Staples and Tweedy resurrect that classic Staple Singers sound on 'You Are Not Alone': a review and open letter by J. Hayes


During long, hot summers in my youth, the sent of tobacco, set a blaze against the mid August sun, would waft over my outstretched body on the floor of our small North Carolina cabin. Often my ears would ring with the sound of distant cicadas and gentle tremolo guitar, always followed closely by the earnest and resonant voice of a young Mavis Staples. The sounds, indissoluble companions in my childhood memory. The words of uplift, reflection and struggle, simple and poignant poetry; understood by the heart if not yet the intellect.

Excuse me my self-indulgent soliloquy. But the music of Roebuck, Mavis, Pervis, Cleotha and Yvonne Staples is much more than simple listening for me. It is genuine magic. First signed in 1952, the Staples Singers have experienced and relayed nearly 60 years of social change. Conjuring moments of peace, praise and promise, in frequent times of less than.

So, whenever I hear of a new Mavis Staples record, I temper my excitement. Can it hold up to the masterpieces of those classic Staple Singers records: "Uncloudy Day" or "Why (Am I Treated So Bad)" through "I'll Take You There" and "Let's Do It Again"?

Since beginning her stint on Anti- Records, however, I haven't been let down. Beginning with the Ry Cooder produced We'll Never Turn Back and reaching even closer to my musical truth with Live: Hope at the Hideout featuring some backing from a personal favorite, Ollabelle, nothing has come so close to the perfection of those early family records as the newly released You Are Not Alone, produced by Wilco's Jeff Tweedy.

Until I get to live out my life's ambition and produce a Mavis Staples album myself (and I will spare you, dear reader, the details of this deft proffering…thrilling as they would be, I assure you), You Are Not Alone will serve as the bench mark in contemporary Staples offerings.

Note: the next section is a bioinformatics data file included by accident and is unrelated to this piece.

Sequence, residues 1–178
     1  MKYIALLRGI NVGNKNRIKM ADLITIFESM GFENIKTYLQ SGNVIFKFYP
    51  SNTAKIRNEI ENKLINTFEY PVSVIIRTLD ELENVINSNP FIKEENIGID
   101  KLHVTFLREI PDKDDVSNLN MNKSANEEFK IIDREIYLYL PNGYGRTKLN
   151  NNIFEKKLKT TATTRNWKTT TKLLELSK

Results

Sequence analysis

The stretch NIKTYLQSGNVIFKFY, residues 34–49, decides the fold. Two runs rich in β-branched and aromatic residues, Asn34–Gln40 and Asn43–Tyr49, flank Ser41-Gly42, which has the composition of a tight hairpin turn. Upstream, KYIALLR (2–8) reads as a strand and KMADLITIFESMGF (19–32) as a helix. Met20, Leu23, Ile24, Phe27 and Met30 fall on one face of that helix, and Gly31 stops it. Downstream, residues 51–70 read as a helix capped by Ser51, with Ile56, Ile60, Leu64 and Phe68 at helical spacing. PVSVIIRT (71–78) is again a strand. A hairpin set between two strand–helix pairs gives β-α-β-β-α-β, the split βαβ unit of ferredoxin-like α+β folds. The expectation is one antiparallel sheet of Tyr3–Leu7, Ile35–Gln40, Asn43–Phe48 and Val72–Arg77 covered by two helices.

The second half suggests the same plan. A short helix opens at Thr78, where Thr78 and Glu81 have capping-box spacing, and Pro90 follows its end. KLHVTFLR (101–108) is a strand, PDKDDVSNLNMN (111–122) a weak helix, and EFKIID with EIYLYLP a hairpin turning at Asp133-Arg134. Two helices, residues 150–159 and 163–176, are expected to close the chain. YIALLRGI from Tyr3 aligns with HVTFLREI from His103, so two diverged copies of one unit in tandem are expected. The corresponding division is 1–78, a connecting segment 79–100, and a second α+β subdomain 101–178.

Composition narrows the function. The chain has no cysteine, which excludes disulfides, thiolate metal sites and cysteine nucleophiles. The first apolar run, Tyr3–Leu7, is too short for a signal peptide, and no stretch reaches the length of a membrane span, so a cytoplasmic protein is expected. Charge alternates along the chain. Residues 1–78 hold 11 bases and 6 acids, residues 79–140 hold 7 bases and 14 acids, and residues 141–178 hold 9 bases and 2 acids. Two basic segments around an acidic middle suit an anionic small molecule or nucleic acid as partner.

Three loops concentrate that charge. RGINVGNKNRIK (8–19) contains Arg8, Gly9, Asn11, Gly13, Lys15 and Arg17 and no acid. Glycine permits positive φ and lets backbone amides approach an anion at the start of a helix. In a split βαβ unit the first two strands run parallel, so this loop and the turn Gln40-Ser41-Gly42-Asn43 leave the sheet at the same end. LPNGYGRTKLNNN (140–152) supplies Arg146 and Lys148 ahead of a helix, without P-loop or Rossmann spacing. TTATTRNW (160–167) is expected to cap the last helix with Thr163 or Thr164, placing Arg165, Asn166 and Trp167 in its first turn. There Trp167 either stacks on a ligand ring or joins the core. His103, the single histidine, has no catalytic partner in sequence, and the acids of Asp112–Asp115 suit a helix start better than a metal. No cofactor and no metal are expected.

Kicking the album off, "Don't Knock" is an upbeat rabble rouser, written by the late Pops Staples, perfectly capturing the sonic essence of those 50's or 60's mixes with backing vocals nestled comfortably between Mavis' guttural lead and the crystalline tremolo guitar that you'd swear was performed by the patriarch himself. You're then lead through a rolling set of compositions by writers ranging from Randy Newman and Allen Toussaint to John Fogerty and Tweedy himself, including blues traditionals by the likes of Rev. Gary Davis; all arranged, performed and produced with a remarkable consistency.

Ms. Staples says this is the most fun she's had making a record and that joyful noise is present throughout. Recorded at Wilco's own Chicago studio, Mavis' is at home both literally and figuratively, backed by her touring band. A number of guests fade seamlessly in and out of the tracks, a pleasant change from the popular "featuring:" approach taken with so many records of late.

You Are Not Alone is a divine jubilation and worth every jocund moment. I look forward to the next Staples/Tweedy collaboration. And if that doesn't happen….

Dear Ms. Staples,

Give me a call! I have an great engineer and studio on stand by.

With Love and Respect,
J. Hayes


read more articles by music writer J. Hayes here and at: http://www.examiner.com/x-4161-New-American-Music-Examiner
and become a fan on facebook at: http://www.facebook.com/pages/J-Hayes-music-writer/161850300225

art direction & design by www.hayesmusicdesign.com

special thanks to Anti- Records and my editor Kellee Webb

Views: 68

Comment by Lwood on October 8, 2010 at 1:47pm
Nice review...and I'm anxiously awaiting my vinyl copy to arrive....how nice that the smaller labels realize the advantage of releasing both mediums, and I noticed Buddy Guy's latest was released a few weeks before the CD.

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Created by No Depression Feb 17, 2009 at 9:06pm. Last updated by No Depression Sep 24, 2012.